This section is from the book "An Illustrated Flora Of The Northern United States, Canada And The British Possessions Vol2", by Nathaniel Lord Britton, Addison Brown. Also available from Amazon: An Illustrated Flora of the Northern United States, Canada and the British Possessions. 3 Volume Set..
Shrubs or trees, more or less stellate-canescent, with alternate deciduous serrate or serrulate petioled leaves, in our species, and rather small white fragrant flowers in terminal, solitary or clustered, narrow usually elongated racemes. Calyx 5-cleft or 5-parted, persistent, the segments imbricated. Petals 5, slightly united at the base, obovate, oblong, or obcordate, imbricated, deciduous. Stamens 10; filaments slender; anthers sagittate, inverted in anthesis, the sacs opening by large apical pores; pollen-grains simple. Disk obsolete. Ovary 3-angled or 3-lobed, 3-celled, pubescent; ovules numerous; style slender; stigmas 3 in our species. Capsule subglobose, or 3-lobed, 3-celled, loculicidally 3-valved, the valves at length 2-cleft. Seeds very small, with a loose cellular coat.
1. CLČTHRA L. Sp. Pl. 396. 1753. Characters of the family. [Greek, alder, from the resemblance of the foliage.]
The family consists only of the following genus, comprising about 30 species, natives of eastern North America, Japan, Mexico, the West Indies and South America. Besides the following, another occurs in the Southern States. Several inhabit the mountains of the West Indies. Type species: Clethra alnifolia L.
Leaves obovate, acute or obtusish; filaments glabrous.
Leaves oval or ovate, acuminate; filaments hirsute.
Clethra alnifolia L. Sp. Pl. 396. 1753.
A shrub, 3°-10° high, the twigs minutely canescent. Leaves obovate, obtuse or acute at the apex, narrowed or cuneate at the base, sharply serrate, at least beyond the middle, glabrous or very nearly so and green on both sides, l'-3' long; petioles 1"-6" long; racemes erect; bracts short, deciduous; pedicels, calyx and capsule canescent; calyx-lobes oblong, obtuse, nerved; flowers about 4" broad, of spicy fragrance; filaments glabrous; style longer than the stamens; capsule subglobose, about 1 1/2" in diameter, about the length of the calyx.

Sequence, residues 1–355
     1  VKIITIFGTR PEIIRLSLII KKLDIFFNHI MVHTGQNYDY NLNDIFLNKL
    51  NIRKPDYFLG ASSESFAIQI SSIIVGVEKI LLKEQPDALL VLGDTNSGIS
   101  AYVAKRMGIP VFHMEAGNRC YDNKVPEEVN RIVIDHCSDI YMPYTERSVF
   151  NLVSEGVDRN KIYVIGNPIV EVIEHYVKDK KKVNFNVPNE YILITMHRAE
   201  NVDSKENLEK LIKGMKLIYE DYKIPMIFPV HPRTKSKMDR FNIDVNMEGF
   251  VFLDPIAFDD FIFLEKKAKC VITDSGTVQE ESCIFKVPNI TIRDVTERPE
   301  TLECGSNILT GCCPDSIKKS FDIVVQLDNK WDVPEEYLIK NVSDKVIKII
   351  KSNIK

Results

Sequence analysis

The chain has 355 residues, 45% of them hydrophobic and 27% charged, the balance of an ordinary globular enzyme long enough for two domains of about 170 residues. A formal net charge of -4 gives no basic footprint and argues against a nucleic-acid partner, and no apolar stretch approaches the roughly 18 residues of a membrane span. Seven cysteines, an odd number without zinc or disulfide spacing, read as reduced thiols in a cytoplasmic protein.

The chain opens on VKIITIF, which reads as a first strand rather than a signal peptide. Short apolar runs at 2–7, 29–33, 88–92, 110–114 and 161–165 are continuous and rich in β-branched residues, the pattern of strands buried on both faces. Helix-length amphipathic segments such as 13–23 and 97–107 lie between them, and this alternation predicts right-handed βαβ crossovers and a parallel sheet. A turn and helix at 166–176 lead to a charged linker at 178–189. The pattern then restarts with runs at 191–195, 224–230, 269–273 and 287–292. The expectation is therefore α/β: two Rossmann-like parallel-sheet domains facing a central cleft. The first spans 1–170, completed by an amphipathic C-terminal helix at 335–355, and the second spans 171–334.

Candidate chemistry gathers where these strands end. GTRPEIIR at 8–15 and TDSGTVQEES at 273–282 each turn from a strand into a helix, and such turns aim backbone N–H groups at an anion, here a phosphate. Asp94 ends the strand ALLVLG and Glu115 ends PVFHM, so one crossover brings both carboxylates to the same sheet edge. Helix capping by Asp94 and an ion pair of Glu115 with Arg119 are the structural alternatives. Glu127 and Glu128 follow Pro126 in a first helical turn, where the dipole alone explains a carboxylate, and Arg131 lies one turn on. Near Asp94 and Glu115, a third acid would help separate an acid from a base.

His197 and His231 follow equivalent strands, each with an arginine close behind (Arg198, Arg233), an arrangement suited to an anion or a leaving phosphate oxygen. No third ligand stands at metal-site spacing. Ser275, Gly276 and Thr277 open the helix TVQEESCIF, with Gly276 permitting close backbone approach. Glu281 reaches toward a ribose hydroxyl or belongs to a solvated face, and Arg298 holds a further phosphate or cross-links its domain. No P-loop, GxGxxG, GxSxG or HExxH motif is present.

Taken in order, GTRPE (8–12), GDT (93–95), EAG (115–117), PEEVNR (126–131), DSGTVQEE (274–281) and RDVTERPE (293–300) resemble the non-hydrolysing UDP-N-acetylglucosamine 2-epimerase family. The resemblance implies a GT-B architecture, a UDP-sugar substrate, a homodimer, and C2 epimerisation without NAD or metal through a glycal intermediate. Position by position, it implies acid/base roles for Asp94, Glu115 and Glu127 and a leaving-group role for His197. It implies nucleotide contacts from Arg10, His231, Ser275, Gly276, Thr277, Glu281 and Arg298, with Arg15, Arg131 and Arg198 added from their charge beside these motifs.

C. acuminata Michx. Fl. Bor. Am. 1: 260. 1803.
A tall shrub or small tree, similar to the preceding species. Leaves oval, oblong, or ovate, acuminate at the apex, narrowed or rounded at the base, green above, pale and sometimes pubescent beneath, closely serrulate with very sharp-pointed teeth, 2'-7' long, sometimes 3 1/2' wide; petioles 4"-12" long; racemes spreading or recurved, solitary, or 2-3 together, 2'-%' long, the rachis, pedicels and calyx densely pubescent or canescent; bracts longer than the flowers, caducous; filaments and bases of the petals hirsute; capsules pubescent.
In mountain woods, Virginia and West Virginia to Georgia. Ascends to 4500 ft. in North Carolina. July-Aug.